A number of studies have been done that investigated resistance to Fenoxaprop-P-ethyl and related compounds. Most of these studies focused on resistance in crops (e.g., maize) or black grass. One of these studies (Kay et al., 1999) was particularly interesting as it focused on several possible mechanisms of herbicide resistance in Alopecurus myosuroides (Black-Grass). I quote from the abstract:
[...] Resistance at the whole-plant level correlated well with reduced acetyl Co-enzyme A carboxylase sensitivity (target site resistance) in two of the populations (one from the United Kingdom and one from Germany) but enhanced metabolism appeared to be the primary mechanism of resistance in the majority of the other populations. [...] We suggest that resistance in Lincs E1 may be explained by multiple resistance mechanisms—the expression of both insensitive acetyl Co-enzyme A carboxylase and an increased rate of detoxification. However, resistance in the population Clay from the United Kingdom could be explained neither by target site insensitivity nor by an enhanced rate of metabolism. These results provide conclusive evidence that a single resistance mechanism alone cannot explain insensitivity to fenoxaprop-P-ethyl in European resistant black-grass populations and that additional, as yet uncharacterized, mechanisms must also be present.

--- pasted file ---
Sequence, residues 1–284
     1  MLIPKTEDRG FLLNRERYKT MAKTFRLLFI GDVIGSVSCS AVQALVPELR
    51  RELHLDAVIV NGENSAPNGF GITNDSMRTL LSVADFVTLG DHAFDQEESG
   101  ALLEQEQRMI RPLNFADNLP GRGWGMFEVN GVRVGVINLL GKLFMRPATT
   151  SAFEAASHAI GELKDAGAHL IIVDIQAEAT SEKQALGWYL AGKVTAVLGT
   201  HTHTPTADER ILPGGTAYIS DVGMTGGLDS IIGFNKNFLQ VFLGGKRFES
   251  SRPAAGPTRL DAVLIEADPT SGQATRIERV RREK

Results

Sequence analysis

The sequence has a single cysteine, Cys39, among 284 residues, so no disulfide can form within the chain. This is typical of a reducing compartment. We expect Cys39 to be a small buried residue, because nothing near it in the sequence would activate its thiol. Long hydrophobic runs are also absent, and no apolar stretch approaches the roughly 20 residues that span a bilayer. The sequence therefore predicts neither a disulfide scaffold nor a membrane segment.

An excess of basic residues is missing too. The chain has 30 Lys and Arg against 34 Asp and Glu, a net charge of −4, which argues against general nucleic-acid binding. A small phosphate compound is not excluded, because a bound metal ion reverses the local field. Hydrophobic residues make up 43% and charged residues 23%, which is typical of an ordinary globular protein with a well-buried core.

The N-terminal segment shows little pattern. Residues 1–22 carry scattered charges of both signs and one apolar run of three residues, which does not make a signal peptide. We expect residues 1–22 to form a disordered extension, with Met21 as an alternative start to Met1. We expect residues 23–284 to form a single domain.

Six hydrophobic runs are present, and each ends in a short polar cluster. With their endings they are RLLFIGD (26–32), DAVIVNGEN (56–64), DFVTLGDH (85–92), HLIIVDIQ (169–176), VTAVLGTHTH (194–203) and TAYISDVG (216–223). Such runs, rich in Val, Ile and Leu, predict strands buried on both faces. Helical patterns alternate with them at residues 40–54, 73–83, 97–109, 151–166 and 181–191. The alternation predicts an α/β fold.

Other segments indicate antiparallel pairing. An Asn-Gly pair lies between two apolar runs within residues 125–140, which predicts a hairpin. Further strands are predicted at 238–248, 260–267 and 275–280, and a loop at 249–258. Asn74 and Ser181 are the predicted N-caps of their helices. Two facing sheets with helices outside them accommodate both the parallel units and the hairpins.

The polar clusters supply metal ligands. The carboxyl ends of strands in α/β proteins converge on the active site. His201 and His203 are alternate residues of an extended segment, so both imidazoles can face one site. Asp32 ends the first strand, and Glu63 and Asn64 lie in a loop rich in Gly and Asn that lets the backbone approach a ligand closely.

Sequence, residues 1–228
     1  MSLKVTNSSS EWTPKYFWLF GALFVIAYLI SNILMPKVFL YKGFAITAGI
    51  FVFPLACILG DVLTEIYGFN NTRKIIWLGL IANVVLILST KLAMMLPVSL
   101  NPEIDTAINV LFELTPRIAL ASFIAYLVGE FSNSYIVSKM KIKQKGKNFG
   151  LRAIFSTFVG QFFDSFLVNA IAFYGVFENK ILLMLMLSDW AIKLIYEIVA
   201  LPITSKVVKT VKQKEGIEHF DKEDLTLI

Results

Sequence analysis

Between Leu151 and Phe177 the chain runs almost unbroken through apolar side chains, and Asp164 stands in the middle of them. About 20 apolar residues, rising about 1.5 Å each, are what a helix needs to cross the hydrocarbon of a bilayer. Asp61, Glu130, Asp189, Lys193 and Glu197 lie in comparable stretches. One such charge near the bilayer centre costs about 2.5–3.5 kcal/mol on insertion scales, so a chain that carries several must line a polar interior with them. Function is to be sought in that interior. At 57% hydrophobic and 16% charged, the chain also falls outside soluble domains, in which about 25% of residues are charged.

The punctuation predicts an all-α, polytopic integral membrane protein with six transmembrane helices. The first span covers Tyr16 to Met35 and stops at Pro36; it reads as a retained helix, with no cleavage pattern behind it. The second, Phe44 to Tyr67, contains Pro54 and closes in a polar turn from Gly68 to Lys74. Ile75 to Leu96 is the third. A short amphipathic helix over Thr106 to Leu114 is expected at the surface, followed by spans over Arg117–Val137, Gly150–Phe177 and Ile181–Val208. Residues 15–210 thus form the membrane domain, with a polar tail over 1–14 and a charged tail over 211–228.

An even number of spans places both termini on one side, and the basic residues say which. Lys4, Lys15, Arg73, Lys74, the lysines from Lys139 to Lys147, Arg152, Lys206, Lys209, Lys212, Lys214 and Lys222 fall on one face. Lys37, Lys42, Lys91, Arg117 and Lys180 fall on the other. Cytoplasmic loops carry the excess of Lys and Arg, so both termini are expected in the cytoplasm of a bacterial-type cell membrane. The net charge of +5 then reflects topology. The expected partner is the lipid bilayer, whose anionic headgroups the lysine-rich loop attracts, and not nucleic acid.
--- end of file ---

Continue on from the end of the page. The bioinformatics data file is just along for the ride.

So based on these data, I think several mechanisms may play a role in the cool season lawn grass resistance (a species name may help to specify my, admittedly, broad answer).
Interestingly, Fenoxaprop-P-ethyl is an acetyl CoA carboxylase (ACC) inhibitor (Kay et al., 1999). Note that Haloxyfop (as mentioned in your question "How does Haloxyfop control young grassy weeds in fields of broadleaved crops?") is also an ACC inhibitor. From the answer on that question it appears that ACC inhibitors inhibit cell membrane formation and that monocots (grasses) are most susceptible and dicots less. Dicots are less sensitive because they have two ACC types at their disposal, one being insensitive to ACC inhibitors. Not surprisingly then, Bermuda grass, being a monocot is killed by this herbicide. Interestingly however, other monocots seem to survive, such as the cool-season lawns you mention.
I was not able to find conclusive evidence as to why some monocots survive ACC inhibitors. An educated guess is that resistance can be conferred by mutations in the ACC enzyme (Letouzé & Gasquez, 2001) that make the enzyme less sensitive to the herbicide. These mutations can be caused by repeated exposure to these herbicides, whereby strains become resistant to the material, much like the way in which (multi-) resistant bacterial strains emerge after repeated exposure to antibiotics.
Kay et al. Pesticide Biochem Physiol 1999; 65:169–80
Letouzé & Gasquez, Theoretical Applied Genetics 2001; 103:288-96